Definition: time for rest; interval of relief; delay in punishment; reprieve
Definition: time for rest; interval of relief; delay in punishment; reprieve
Sentences Containing 'respite'
Moreover, the respite allowed by a narcotic is exceedingly brief, and a depression which is long and deep inevitably follows.
I now hoped for respite in sleep; but no, it reveled all through my head till sunrise again, a frantic and tireless nightmare.
Then I have my mode of dispensing justice, silent and sure, without respite or appeal, which condemns or pardons, and which no one sees.
I will so advantageously bestow 2,000 piastres, that the person receiving them shall obtain a respite till next year for Peppino; and during that year, another skilfully placed 1,000 piastres will afford him the means of escaping from his prison.''
My dear Albert, one word, for I must give poor Lucien a respite.
We profited by this respite on the part of the government to make friends everywhere.
However, the last two or three years I had allowed myself some respite.
The dealers have no respite from the continual visits and examination of the excise officers.
As it was, his settlement gave two centuries of respite to the Roman Empire; had he fulfilled the plan of pushing the imperial frontiers to the Elbe, which seems to have been in his mind, much more might have been accomplished.
One will pass all the hours of the night seated at the foot of some oak or rock, and there, without having closed his weeping eyes, the sun finds him in the morning bemused and bereft of sense; and another without relief or respite to his sighs, stretched on the burning sand in the full heat of the sultry summer noontide, makes his appeal to the compassionate heavens, and over one and the other, over these and all, the beautiful Marcela triumphs free and careless.
'Placed in a mental position of peculiar painfulness, beyond the assuaging reach even of Mrs. Micawber's influence, though exercised in the tripartite character of woman, wife, and mother, it is my intention to fly from myself for a short period, and devote a respite of eight-and-forty hours to revisiting some metropolitan scenes of past enjoyment.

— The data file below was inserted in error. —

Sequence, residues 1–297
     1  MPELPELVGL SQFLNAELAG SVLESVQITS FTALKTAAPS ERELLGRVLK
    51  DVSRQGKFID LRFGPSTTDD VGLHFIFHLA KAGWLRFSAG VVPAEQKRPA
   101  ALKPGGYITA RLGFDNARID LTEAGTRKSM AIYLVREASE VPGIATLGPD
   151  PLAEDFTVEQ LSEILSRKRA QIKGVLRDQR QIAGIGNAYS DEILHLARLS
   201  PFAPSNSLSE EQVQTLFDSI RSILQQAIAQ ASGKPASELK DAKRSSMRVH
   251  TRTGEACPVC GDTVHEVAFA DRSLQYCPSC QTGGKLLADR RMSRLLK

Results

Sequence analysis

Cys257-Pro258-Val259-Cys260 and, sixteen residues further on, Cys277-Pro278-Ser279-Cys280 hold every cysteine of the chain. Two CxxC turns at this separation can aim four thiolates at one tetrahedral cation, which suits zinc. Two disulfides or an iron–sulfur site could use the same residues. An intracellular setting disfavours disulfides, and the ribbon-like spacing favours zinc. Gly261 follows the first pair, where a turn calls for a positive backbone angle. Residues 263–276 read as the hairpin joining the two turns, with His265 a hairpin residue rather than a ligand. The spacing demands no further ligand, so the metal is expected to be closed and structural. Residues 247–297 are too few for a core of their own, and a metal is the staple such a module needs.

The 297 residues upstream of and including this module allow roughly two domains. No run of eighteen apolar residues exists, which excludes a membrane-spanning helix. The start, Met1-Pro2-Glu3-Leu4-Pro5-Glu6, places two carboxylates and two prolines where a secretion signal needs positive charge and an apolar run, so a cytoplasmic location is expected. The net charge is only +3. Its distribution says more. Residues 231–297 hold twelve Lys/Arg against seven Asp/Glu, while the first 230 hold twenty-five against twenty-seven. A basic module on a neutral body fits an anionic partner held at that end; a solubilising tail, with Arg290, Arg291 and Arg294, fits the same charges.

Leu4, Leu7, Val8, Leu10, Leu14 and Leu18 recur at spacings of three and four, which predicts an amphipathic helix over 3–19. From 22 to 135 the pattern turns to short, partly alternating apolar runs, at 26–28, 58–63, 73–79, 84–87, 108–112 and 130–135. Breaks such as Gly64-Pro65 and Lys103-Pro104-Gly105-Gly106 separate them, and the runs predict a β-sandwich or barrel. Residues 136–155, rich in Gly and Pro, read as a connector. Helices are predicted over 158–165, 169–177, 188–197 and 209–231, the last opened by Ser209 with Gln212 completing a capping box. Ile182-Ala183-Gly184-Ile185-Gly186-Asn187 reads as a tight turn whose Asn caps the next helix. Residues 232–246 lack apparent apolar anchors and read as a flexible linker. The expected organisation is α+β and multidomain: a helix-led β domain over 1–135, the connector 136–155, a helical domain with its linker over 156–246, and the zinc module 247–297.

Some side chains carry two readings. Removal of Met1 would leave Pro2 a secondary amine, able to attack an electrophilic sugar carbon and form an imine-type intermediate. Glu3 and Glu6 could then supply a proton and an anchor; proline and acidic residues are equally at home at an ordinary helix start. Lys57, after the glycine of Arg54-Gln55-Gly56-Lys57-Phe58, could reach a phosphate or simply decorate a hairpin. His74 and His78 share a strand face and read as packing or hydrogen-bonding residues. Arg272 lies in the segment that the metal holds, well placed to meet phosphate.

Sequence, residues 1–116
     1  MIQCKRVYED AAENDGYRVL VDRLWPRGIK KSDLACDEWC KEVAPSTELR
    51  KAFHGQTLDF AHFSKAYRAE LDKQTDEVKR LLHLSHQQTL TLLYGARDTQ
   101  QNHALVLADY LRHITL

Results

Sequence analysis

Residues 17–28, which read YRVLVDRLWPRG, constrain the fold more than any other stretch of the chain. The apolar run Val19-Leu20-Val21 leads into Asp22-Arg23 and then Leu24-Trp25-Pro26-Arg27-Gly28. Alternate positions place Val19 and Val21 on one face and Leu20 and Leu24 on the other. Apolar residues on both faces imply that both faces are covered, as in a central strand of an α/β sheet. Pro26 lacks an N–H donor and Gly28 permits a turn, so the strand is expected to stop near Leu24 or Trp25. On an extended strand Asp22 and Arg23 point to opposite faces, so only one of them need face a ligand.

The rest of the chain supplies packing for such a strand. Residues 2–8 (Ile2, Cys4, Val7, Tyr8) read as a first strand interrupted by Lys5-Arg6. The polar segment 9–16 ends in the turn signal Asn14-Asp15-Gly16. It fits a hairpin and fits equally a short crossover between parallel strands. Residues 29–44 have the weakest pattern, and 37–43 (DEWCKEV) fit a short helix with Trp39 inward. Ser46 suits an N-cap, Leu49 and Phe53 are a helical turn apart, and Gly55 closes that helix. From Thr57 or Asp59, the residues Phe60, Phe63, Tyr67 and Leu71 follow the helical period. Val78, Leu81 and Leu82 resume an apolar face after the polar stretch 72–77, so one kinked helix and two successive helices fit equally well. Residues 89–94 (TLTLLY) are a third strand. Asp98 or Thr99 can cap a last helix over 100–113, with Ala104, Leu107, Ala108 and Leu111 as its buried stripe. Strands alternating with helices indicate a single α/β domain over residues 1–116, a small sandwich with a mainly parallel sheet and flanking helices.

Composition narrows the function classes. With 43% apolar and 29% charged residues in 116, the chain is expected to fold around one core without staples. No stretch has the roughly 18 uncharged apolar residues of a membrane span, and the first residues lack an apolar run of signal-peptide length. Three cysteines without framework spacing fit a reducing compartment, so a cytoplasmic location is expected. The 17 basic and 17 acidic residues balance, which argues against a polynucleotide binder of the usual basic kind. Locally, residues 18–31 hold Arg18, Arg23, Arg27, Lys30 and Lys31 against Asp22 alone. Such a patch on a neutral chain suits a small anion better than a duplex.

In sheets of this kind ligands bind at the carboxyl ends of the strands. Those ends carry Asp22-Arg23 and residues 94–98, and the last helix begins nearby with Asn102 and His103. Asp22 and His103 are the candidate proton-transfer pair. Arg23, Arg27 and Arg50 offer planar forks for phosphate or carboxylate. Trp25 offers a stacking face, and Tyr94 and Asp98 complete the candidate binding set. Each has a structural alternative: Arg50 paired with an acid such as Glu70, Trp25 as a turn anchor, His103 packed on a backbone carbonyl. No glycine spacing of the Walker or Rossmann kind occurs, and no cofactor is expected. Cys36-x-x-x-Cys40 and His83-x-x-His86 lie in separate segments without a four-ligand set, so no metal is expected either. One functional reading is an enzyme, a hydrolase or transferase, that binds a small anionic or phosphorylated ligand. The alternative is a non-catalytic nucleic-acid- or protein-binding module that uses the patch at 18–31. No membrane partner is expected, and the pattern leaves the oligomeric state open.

And half concealed in this queer tenement, I at length found one who by his aspect seemed to have authority; and who, it being noon, and the ship's work suspended, was now enjoying respite from the burden of command.
was the cry, an announcement immediately followed by Stubb's producing his match and igniting his pipe, for now a respite was granted.
Winterhalter sought respite from the pressures of his work with holidays abroad in Italy, Switzerland and above all in Germany.
The setting itself has shifted both geographically and symbolically; switching from the flooded and diseased Italian coastlands to an alpine resort famed for its health-giving properties, with the threat of a fatal cholera infection in Venice becoming the sanatorium's promise of a respite from, or a cure for, tuberculosis.
In late August 1965, Brian Epstein had rented a house at 2850 Benedict Canyon Drive in Beverly Hills, California for the Beatles' six-day respite from their U.S. tour.
By April he was assistant adjutant general of the 4th Division in the Army of the Tennessee, but resigned on April 17 to take a two-month respite from duty for health reasons.
She arrived at Ulithi on 31 August for a brief respite but was at sea again on 10 September escorting the oiler to Okinawa before sailing for home on 1 October.
The Woodlands partners with charitable organizations that serve persons with disabilities and chronic illnesses, offering its fully accessible facilities and varied resources to these organizations for summer camps, weekend retreats, respite days, organizational meetings, and recreational outings.
Richard meanwhile began to resume his journey to Acre and, with much needed respite, new funds and reinforcements, set sail for the Holy Land accompanied by the King of Jerusalem, Guy of Lusignan, and various other high ranking nobles of the Western Crusader states.
From Hatton top, there is a ten mile respite from locks, punctuated by the Shrewley Tunnel, which passes under Shrewley village.
After a brief respite at Purvis Bay, the destroyer sailed on 23 February to take part in a bombardment of the enemy stronghold at Rabaul, New Britain Island.